Computer Graphics World

March/April 2013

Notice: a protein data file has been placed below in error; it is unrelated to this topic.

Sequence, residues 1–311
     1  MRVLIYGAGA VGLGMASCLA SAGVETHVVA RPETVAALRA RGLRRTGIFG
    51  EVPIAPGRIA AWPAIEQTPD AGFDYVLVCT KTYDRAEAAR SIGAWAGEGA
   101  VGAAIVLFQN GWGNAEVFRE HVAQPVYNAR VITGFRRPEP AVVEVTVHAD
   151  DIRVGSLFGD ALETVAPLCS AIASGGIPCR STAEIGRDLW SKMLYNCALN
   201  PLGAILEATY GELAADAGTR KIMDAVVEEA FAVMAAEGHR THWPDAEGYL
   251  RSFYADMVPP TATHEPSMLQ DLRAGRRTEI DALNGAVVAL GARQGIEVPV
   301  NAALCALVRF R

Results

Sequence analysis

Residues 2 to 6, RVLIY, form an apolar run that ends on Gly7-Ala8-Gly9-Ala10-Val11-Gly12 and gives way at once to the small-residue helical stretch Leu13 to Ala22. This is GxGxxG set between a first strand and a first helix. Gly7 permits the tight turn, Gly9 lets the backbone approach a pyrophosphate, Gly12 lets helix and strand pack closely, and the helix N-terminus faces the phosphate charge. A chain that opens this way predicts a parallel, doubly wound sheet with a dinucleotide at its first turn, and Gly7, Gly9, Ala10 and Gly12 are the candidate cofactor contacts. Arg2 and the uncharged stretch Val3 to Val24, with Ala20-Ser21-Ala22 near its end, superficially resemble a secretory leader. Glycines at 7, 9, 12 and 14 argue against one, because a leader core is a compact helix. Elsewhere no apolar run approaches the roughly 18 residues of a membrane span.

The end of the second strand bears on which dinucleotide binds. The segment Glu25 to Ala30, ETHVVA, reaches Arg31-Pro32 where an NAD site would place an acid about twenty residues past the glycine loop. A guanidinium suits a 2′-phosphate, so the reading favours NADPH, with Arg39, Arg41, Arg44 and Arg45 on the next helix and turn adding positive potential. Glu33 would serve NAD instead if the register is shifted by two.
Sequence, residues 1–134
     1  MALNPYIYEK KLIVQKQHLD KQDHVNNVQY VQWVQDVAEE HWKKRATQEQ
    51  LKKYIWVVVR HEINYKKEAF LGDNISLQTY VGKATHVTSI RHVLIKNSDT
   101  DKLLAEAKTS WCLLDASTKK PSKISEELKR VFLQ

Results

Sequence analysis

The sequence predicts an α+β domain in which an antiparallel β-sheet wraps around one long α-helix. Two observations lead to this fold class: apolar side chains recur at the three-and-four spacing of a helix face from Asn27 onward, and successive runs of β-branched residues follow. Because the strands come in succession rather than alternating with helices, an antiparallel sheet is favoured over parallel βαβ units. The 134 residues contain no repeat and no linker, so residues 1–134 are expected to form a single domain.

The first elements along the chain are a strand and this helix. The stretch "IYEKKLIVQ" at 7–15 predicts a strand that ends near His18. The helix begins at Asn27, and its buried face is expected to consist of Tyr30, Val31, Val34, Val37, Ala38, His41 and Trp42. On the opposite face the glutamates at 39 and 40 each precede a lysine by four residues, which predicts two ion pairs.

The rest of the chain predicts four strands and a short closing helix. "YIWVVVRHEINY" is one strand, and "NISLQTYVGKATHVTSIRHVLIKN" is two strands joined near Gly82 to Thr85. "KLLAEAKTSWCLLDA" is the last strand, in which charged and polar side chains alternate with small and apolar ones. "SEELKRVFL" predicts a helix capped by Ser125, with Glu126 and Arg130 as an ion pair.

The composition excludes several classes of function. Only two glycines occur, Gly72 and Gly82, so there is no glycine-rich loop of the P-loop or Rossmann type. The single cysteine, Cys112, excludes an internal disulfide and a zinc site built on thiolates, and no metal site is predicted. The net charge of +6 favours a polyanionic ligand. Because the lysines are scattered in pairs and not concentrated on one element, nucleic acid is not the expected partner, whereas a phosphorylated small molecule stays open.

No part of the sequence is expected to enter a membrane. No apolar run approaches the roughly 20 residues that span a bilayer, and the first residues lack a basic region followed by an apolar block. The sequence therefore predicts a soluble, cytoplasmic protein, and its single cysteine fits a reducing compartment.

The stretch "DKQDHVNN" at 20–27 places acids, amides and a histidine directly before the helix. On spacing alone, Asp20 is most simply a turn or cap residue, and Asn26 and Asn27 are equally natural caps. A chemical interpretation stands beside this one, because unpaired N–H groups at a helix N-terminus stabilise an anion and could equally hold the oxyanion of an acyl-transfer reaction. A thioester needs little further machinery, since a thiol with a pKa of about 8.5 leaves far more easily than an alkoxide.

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VFX•Stereo 3D Braff's face that fed images to the monitor on the puppet cam pole. Thus, Franco could see Braff's face on the small monitor on the pole. And, Braff could see Franco's face. In addition, both actors had ear buds so they could hear each other. "The puppet cam operator would put the monitor and lipstick camera where the monkey's head was supposed to be, so James always had a live actor's face and eyeline," Saliba says. "If the monkey was on the ground, the operator had a three-foot rope, so he knew where the monkey's head would be. He could move the stick up and down with a lever, and he had a joystick to swivel the monitor on the end of the stick, like a little head. I don't know if anyone expected this, but it gave the thing a little personality as well." Certainly more personality than a tennis ball on a stick and a laser pointer. "It ended up working very well," Saliba says. "It's a big stretch for an actor to visualize a character when we have a personal assistant reading lines off camera and a tennis ball on set. Zach and James could play off each other, and we got a much more tactile performance from James on stage. Even when they brought back Zach post-shoot to change a line, it was worth it because James Franco's performance was so vibrant." Animators had reference from the rehearsal to see how Braff gestured, footage from Braff in the booth for facial expressions and lip sync, and footage of monkeys. "If the monkey was doing something physical, we leaned toward reference of the animal behavior," Saliba says. "If he was acting, we tended to rely more on the videotape of Zach." There was no reference, however, that showed how a three-foot-tall monkey would fly. "He couldn't fly like a bird," Saliba says. "He was a monkey with wings. We didn't have a benchmark. We had to figure out how the physics would work." Once the animators had created a flight cycle that felt right for Finley given his weight and shape, they realized the same physics wouldn't produce a good image when he hovered. "He could propel himself with the perfect amount of agility, but when he hovered, his head bobbed up and down, which didn't work for conversation or with the eyeline," Saliba says. "We had to figure out a way to make his physics believable without having him bob. It took trial and error." Finley is small and cute, and has bird-like wings with feathers. The baboons in the movie, which fly in hoards, have one purpose: kill. "The baboons have big, boney bat wings," Saliba says. "We had to experiment. We used all the reference we could find from nature, but nothing that big flies." Digital Actors In addition to the two main characters, the animators created swarms of butterflies, digital doubles for the main characters, and put thousands of people in the Emerald City. of motion capture or, in the case of butterflies, bits of animation." As the animators worked, the director and Editor Bob Murawski took notes. "They would ask why we didn't have a particular person working on a character," Saliba says. "They were very conscientious. They'd see things they liked and note who did it. I've never experienced that before. Sam had done Spider-Man, of course. But, this was the first movie for them in which the two main characters who emote and carry chunks of the film are completely digital. They worried about whether they could carry the performance." In the 1939 film The Wizard of Oz, the main character Dorothy Gale (Judy Garland) had three buddies, three actors wearing suits, any of which would have been eligible for Oscar nominations. Filmmaking magic has adventured a long way since then: In this movie, the main character travels with two digital buddies. We can trace the first digital companions back to the dragon created 17 years ago at At left, animators cut between dramatic changes in facial expression to give China Girl expressions without turning her face rubbery. At right, a monitor on a stick allowed Oz (actor James Franco) to interact on set with actor Zach Braff, who provided Finley the flying monkey's voice. "When James Franco ran into a big vista, once he got to a certain distance, our digidoubles took over," Saliba says. "We had volunteers run up ramps on a motion-capture stage calculated to match the environments. So, with a bit of adapting in the computer, we could continue having the actor run into a vast land." The crew also used motion capture for the crowds of characters in the Emerald city. "We scanned all the hero extras on set and photographed the rest of the extras for weeks," Saliba says. "Then, once we got back to Imageworks, we captured artists and volunteers from our team doing actions needed for the citizens, like cheering and loading carts for battle. When the crowds got really big, we had help from the guys in our Massive department who used bits ILM for the 1996 DragonHeart, and Imageworks' own Stuart Little in the 1999 film of the same name – both of which received Oscar nominations for Best Visual Effects. Indeed, early this year, two of the five films nominated for visual effects had main digital characters with dialog – The Avengers and The Hobbit – and all five nominees had realistic, believable digital characters. Perhaps someday we'll see an Oscar award for best digital actor in a supporting role. It's time to pull back the curtain and fully honor the great and powerful wizards in the wonderful world of visual effects. n Barbara Robertson is an award-winning writer and a contributing editor for Computer Graphics World. She can be reached at March/April 2013 CGW0313-Ozpfin.indd 15 n n n n 15 3/14/13 12:12 PM

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